Further, consider the kamikazes. They worked and the US Navy had no real solution. They were first-generation cruise missiles. Okinawa was bad enough, CORONET would have faced four times as many suicide planes, and offered four times as many targets.


You need to remember the Japanese path to "victory" involved the Americans invading. That was their plan. Furthermore, it basically worked.


The Japanese got a much sweeter deal than the Germans. A deal was done that the Emperor would not be hung by his neck as he so thoroughly deserved.
Like i said, my Dad served in Mac's HQ, the they were gung-ho for the invasion.

Nope, the navy solved them with destroyer pickets and a squad of fighters up all the time. Later, all the IJN could do was damage a destroyer. They were no longer such a menace.

Not at all, their plan was to damage the American fleet so bad we would be forced to negotiate.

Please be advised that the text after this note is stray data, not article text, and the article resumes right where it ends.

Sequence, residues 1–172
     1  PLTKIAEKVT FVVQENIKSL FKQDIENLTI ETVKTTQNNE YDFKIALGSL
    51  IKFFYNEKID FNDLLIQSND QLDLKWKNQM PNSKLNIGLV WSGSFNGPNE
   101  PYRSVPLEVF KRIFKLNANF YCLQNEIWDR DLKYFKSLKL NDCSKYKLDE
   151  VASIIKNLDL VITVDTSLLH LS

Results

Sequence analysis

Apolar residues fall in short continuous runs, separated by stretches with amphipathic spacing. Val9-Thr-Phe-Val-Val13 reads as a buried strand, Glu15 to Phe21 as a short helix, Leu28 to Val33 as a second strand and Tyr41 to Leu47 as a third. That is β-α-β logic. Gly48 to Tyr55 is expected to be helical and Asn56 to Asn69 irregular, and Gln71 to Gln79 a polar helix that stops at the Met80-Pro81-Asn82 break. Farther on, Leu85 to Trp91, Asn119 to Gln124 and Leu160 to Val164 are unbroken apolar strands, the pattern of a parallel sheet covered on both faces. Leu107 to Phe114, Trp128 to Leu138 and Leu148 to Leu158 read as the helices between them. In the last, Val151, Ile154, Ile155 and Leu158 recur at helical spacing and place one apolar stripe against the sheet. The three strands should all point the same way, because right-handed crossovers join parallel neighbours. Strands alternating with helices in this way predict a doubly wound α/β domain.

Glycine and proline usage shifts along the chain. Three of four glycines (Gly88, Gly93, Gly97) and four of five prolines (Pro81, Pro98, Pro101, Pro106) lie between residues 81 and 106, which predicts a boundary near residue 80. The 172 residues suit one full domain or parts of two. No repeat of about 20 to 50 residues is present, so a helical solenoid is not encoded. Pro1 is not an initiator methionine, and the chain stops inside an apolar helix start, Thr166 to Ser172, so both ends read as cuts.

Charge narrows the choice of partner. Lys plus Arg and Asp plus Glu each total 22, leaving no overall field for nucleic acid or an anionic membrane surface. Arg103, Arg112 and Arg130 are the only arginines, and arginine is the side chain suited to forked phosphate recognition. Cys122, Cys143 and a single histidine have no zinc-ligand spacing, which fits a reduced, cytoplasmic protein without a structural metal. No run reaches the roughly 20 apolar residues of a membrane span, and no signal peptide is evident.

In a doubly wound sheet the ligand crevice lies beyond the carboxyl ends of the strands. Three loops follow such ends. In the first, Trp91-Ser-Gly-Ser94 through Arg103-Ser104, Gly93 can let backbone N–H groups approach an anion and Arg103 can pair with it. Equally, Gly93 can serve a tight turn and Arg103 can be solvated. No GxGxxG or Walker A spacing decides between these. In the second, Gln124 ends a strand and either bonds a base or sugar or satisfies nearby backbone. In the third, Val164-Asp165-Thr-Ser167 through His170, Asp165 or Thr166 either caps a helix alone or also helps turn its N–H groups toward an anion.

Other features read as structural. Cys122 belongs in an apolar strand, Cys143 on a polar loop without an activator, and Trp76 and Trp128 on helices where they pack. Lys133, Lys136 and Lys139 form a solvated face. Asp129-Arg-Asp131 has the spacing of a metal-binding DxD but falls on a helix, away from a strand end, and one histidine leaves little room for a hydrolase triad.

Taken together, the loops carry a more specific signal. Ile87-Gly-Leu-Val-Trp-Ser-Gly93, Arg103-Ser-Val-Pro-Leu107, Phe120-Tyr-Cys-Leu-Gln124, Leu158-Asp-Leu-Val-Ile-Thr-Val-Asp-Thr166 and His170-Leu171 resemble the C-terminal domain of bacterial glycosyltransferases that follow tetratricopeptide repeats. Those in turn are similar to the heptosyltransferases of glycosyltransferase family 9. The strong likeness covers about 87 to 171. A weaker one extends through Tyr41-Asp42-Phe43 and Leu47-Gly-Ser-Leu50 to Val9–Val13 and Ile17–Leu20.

The "deal" wasnt spelled out. And the Emperor was known to have been a figurehead- many Japanese leaders were convicted of warcrimes.
  #117  
Old 10-13-2019, 10:17 AM
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I posted my previous reply in haste and it shows. I was heading out the door to the office.

I maintain that the invasions of Japan would have failed. Let me be more verbose.

Up until this point, the Americans had the advantage of mobility. The Island Campaign showed the American could avoid Japanese strong-points, letting them sit in isolation This held American (and perhaps Japanese) casualties down. But upon reaching the Home Islands, this advantage failed. Now we had to play the Japanese' game in their home court.